By Cheryl Lynn Dratler
Burnout is serious, and it’s a formidable enemy of sustained engagement and productivity. Some executives are investing in interventions to counter the consequences of burnout. Their concern goes well beyond caring about employees – it’s also smart business.
Unfortunately, some of our best business practices got us here. Decades of streamlining, increasing technology, and global competition have created environments that foster burnout. The very efforts that increased efficiency are depleting our workforce and reducing effectiveness.
Kensington International is helping organizations to assess and address engagement issues in order to prevent burnout. Companies investing in preventative measures to keep their employees happy, healthy and engaged are seeing increased production and a positive impact on the success of their organization.
What is burnout?
Burnout occurs in every sector and every industry. Entrepreneurs, executives, engineers, social workers, financial professionals, graphic artists, first responders, sales professionals and customer support staff all burn out in significant numbers.
What’s worse, it is often the brightest, most dedicated, talented, and energetic employees who burn out. Career burnout occurs from the board room to the front line. It affects those who are passionate about what they do, the strivers and drivers in business.
The very attitudes and qualities that make some people highly valuable may make them vulnerable. Individuals who get severe burnout lose the passion and sense purpose they started their careers with. They end up depleted, disillusioned and disengaged. They become lethargic, negative and ineffective.
This is more than a personal problem for employees. Greek researchers reported cognitive impairments of burnout such as deficits in attention and memory impairments. Symptoms include the inability to concentrate, short and long term memory problems, decreased accuracy/higher error rates, and difficulty with problem solving and analytical tasks.
Mental, emotion and physical exhaustion and unresolved stress lead to increased illness, absenteeism and “presenteeism” (being present at work but unproductive due to illness, lack of energy, focus, motivation, or work overload). Individuals’ diminished confidence undermines initiative and follow-through.
Cynicism and negative attitudes toward others sets in. Relationships with clients and colleagues suffer as do efforts involving service, cooperation, and collaboration. Safety is compromised as workers experience attention lapses or lack the energy or interest in ‘doing things right’.
Job performance and ability to handle stress spiral downward as the symptoms continuously interact and exacerbate each other. This is a business problem.
How can we prevent or fix burnout?
There IS GOOD NEWS. Burnout is reversible. Even better, engagement is the mirror opposite of burnout. Increasing engagement is both the cure for and the benefit of reducing burnout.
Burnout varies across and within organizations. There is no standardized way of evaluating specific causes and costs of burnout on safety, work quality, individual and team productivity, customer satisfaction, or the bottom line.
While this does make it legitimately difficult for businesses to assess and address, every effort to mitigate burnout will result in increased effectiveness and engagement. And every sustained effort to create cultures that build engagement and restore energy will reduce burnout and its costs.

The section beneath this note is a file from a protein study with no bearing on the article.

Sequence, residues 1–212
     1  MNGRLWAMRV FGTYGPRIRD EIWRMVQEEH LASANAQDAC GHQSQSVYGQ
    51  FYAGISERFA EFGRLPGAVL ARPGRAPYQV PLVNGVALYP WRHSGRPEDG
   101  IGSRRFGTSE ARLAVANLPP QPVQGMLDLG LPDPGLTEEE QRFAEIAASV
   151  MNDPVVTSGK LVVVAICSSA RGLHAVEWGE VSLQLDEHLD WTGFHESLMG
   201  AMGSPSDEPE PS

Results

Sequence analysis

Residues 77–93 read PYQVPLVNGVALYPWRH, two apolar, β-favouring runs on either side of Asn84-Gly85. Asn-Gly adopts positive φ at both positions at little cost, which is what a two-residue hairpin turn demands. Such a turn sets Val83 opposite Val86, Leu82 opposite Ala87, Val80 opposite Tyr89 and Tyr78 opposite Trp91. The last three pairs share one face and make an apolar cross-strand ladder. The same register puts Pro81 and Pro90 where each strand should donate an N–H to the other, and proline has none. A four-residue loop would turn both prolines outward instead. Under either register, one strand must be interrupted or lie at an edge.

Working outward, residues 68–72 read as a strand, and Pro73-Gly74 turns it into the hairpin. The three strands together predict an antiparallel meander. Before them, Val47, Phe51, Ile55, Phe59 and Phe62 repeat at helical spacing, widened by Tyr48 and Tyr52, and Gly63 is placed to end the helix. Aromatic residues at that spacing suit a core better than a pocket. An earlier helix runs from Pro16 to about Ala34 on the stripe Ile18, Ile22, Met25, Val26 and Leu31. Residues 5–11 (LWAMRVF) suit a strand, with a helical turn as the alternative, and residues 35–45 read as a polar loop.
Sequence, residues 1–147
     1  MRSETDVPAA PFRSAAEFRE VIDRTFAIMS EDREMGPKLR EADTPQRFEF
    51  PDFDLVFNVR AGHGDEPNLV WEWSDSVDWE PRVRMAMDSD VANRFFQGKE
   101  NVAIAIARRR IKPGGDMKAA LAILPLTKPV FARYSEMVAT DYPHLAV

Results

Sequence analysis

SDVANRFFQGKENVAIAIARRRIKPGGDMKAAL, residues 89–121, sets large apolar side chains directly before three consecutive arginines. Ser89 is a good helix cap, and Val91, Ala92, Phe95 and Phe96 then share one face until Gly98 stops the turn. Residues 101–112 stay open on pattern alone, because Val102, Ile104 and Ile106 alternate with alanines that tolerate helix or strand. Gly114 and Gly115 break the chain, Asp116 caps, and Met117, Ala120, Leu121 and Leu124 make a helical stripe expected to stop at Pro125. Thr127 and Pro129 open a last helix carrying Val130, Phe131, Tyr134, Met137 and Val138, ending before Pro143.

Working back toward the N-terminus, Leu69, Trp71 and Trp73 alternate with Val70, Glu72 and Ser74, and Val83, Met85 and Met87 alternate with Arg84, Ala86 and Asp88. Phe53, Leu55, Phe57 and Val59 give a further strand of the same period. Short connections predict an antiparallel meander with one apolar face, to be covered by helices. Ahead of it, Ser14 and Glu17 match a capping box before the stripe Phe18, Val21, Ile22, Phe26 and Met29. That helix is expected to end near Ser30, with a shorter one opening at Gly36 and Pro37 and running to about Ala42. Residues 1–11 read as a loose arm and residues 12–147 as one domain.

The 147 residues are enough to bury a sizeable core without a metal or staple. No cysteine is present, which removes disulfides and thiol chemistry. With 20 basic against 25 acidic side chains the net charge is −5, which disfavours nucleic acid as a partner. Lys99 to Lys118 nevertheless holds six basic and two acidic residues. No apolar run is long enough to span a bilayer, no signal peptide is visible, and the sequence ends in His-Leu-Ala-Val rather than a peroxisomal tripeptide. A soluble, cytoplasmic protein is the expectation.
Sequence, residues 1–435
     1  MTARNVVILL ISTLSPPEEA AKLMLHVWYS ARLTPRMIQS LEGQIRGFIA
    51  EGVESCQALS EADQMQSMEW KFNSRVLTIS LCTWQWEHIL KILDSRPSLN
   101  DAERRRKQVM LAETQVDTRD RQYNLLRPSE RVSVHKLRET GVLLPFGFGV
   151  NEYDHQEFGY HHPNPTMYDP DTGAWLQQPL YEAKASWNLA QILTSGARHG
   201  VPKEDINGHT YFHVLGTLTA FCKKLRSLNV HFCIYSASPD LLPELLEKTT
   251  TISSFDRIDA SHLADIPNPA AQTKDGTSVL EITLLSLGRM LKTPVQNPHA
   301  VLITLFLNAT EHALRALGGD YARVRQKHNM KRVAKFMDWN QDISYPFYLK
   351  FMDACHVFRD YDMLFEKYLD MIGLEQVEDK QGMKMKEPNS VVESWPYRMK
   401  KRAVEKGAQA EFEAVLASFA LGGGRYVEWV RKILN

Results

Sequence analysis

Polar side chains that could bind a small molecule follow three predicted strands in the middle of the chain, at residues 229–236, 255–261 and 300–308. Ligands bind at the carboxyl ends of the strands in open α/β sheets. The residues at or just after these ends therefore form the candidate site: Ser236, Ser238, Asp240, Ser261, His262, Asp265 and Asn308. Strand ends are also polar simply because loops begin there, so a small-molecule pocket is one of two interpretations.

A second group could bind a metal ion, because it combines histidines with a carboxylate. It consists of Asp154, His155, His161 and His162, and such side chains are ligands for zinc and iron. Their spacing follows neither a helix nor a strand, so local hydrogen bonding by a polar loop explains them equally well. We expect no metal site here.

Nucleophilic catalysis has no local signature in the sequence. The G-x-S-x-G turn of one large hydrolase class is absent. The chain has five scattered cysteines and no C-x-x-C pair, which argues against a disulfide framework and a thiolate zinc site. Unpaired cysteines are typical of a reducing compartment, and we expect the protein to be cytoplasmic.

Effective initiatives at the individual and organizational levels are proving successful. Companies are partnering with experts to design customized assessments of structures, stressors, and conditions that impair engagement and lead top performers to burn out. Quality assessment enables organizations to pinpoint structural, cultural, and developmental goals for maximum impact.
From job redesign to career management programs, companies are ensuring that employees stay engaged by providing stimulating challenges, fostering growth, increasing career opportunities and enhancing business and personal skills.
Change management skills for leaders, managers, and employees reduce stress and increase buy-in, allowing companies to adapt and move forward quickly. Programs to improve individual skills in stress management, time management, job-specific competencies, and even mindfulness, have proven effective in counteracting burnout.
Team building activities, conflict resolution, consensus building, and communication training enhance employee engagement, investment, and success. Team environments that promote trust, confidence, and respect mitigate negative effects and pressure of high performance expectations. Research indicates that strong interpersonal relationships with co-workers is one of the most powerful antidotes for stress and burnout.
Enhancing current leader capabilities through leadership development can empower managers with advanced competencies in coaching, delegating, mentoring, motivating, and performance management. Positive leadership increases engagement and reduces negative impact of burnout.
Leaders that foster cultures of trust, interpersonal relationships, safety, creativity, and an investment in the goals and mission can inspire employees to produce and sustain high performance over many years. Leaders who prioritize and model self-care and rejuvenation instill these ‘safeguard behaviors’ in their reports.
Cultures that emphasize development, communication, fairness, and meaning and purpose sustain engagement and effort and outperform the competition now and over the long-term. Preventing and fixing burnout doesn’t happen by accident, but by regular assessment and strategic investment.